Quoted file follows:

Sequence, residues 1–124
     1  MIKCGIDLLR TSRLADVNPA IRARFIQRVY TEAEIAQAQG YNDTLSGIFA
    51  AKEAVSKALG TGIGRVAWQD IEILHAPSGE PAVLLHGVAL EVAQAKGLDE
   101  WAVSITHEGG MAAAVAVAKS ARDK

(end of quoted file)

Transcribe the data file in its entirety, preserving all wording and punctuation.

Sequence, residues 1–124
     1  MIKCGIDLLR TSRLADVNPA IRARFIQRVY TEAEIAQAQG YNDTLSGIFA
    51  AKEAVSKALG TGIGRVAWQD IEILHAPSGE PAVLLHGVAL EVAQAKGLDE
   101  WAVSITHEGG MAAAVAVAKS ARDK